What Is The Best Strategy To Maximize My Benefits?

Jan 2 2017 - 10:45am

I am 61 and currently work for the state of Colorado and must pay into our PERA program. I have not worked 35 years total (stay at home mom). I only have 8 years with PERA, which is subject to WEP. I have a divorced spouse who is currently receiving SS benefits and to whom I was married for 17 years so can file for his benefits. My question is what is the best strategy with this scenario to maximize my benefits? Collect his benefit, liquidate my PERA account (which will not pay much even if I stay until I am 70).

I think I am representative of many women my age who opted to stay at home to raise children, then got divorced and have returned very late to the workforce where they do not have enough time to build a pension/retirement fund. Any advice for women like me?

Thank you,

Hi JC,

WEP, which refers to the Windfall Elimination Provision (https://www.ssa.gov/pubs/EN-05-10045.pdf), only affects Social Security benefits payable on a person's own work record. It doesn't sound like you've paid into Social Security long enough to be insured for benefits on your own account, so I doubt if WEP will be an issue for you.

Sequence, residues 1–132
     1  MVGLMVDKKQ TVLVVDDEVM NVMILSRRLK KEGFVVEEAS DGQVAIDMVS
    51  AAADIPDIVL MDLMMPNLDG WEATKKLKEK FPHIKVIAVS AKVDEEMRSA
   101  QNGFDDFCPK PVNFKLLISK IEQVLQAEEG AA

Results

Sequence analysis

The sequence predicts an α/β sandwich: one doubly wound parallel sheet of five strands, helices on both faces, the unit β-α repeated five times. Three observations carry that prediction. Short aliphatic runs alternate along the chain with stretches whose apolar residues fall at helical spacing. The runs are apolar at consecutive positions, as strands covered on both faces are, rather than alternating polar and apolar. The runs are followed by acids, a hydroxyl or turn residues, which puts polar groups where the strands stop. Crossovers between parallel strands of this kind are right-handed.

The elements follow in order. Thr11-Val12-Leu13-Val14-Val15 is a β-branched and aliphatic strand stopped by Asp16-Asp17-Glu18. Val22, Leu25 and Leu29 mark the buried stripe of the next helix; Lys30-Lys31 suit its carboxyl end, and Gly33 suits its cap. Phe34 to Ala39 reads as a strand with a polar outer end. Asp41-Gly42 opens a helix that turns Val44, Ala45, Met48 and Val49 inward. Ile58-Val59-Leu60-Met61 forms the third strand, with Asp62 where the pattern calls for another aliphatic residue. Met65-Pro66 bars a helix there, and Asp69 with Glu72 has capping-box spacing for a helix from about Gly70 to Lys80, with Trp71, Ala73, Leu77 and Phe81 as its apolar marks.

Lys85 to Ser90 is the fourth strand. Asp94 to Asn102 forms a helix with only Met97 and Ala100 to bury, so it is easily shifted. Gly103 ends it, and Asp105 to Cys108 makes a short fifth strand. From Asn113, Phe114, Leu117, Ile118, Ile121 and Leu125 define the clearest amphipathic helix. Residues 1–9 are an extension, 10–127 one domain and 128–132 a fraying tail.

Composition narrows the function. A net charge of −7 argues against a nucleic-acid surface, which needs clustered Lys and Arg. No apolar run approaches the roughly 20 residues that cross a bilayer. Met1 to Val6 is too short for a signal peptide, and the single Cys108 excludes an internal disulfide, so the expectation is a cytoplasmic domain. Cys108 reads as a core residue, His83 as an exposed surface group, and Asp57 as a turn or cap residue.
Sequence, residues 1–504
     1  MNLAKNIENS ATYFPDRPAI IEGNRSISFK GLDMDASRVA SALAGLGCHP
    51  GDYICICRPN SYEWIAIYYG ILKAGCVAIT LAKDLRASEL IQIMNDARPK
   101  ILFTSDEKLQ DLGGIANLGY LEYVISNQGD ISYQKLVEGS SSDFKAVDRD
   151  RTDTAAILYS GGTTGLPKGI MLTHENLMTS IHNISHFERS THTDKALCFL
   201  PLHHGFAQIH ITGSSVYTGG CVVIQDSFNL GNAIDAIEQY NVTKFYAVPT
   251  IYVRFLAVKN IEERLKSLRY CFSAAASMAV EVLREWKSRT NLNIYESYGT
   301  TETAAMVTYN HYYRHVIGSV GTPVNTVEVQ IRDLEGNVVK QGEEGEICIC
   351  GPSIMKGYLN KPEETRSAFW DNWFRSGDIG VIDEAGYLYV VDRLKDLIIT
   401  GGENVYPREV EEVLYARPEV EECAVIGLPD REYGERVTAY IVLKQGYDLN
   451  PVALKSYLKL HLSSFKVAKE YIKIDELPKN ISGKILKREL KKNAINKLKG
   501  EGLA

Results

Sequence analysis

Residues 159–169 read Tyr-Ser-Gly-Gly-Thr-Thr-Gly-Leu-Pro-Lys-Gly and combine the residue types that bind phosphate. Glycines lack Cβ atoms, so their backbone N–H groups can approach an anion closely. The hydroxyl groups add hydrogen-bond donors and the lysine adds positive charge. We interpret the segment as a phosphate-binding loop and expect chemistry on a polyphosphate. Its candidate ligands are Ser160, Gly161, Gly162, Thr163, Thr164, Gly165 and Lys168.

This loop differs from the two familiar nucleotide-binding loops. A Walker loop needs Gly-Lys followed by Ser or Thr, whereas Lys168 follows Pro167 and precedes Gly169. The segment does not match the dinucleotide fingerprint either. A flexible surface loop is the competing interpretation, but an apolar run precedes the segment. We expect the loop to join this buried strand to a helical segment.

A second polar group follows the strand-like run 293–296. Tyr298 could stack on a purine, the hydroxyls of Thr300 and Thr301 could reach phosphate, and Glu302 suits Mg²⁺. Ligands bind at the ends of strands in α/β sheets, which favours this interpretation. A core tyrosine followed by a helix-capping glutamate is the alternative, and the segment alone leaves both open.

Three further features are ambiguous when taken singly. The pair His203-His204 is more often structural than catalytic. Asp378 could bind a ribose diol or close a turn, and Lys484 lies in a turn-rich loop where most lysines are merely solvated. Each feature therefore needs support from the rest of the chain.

On the other hand, the Government Pension Offset (GPO) provision (https://www.ssa.gov/pubs/EN-05-10007.pdf) will affect your divorced spousal benefits if you receive a pension based on your non-covered work for the state of Colorado. The GPO provision causes divorced spousal benefits to be reduced by 2/3rds of the gross amount of your government pension.

Your divorced spousal benefits won't be affected by GPO if you withdraw just your contributions to the plan, or if you simply don't apply for a pension from the plan. However, if there is an option for a lump-sum distribution in lieu of a pension, that could still result in a GPO reduction of your divorced spousal benefits. It may be better for you overall if you go ahead and take the pension, considering that only 2/3rds of the amount would be offset against your divorced spousal benefits.

Your divorced spousal benefits will be at their highest rate if you wait to start them at your full retirement age, which would be 66 & 2 months if you were born in 1955. You could start them as early as age 62, but your benefit rate would be reduced by around 31%, and the Social Security earnings test (https://www.ssa.gov/planners/retire/whileworking2.html) may limit what you could draw prior to full retirement age.

You may want to consider running the maximization software available on this website in order to explore all of your options. The software is programmed to handle both WEP and GPO, so it should help you to determine your best course of action.

Best, Jerry